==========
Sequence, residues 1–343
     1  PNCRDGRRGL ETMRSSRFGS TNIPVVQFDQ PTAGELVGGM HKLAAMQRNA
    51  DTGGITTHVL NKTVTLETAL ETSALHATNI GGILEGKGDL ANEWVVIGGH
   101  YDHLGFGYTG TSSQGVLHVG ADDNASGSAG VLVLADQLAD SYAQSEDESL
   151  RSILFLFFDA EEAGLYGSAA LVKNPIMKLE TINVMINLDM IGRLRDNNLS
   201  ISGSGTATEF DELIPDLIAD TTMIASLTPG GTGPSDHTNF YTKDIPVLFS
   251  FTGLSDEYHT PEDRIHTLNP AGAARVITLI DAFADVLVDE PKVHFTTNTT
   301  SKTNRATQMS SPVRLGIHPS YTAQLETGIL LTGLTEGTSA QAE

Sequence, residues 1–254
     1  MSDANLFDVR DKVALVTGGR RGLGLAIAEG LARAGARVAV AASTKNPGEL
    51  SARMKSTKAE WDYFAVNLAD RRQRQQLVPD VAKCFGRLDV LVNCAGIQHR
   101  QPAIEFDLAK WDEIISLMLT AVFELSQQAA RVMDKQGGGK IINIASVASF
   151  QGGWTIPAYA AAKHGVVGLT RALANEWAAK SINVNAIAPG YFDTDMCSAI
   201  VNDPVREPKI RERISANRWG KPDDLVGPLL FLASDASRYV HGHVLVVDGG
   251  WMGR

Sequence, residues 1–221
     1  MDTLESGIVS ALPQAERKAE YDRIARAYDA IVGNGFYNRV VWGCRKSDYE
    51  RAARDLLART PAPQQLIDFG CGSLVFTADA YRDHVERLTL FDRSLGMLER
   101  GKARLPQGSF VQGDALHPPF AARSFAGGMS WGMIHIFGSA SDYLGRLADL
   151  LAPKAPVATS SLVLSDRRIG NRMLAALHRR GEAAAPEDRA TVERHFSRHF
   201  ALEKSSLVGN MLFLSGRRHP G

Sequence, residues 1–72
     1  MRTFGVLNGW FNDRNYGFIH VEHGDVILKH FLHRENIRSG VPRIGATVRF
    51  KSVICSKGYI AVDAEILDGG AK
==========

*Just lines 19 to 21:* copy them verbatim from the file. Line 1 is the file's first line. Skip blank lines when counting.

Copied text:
   101  GKARLPQGSF VQGDALHPPF AARSFAGGMS WGMIHIFGSA SDYLGRLADL
   151  LAPKAPVATS SLVLSDRRIG NRMLAALHRR GEAAAPEDRA TVERHFSRHF
   201  ALEKSSLVGN MLFLSGRRHP G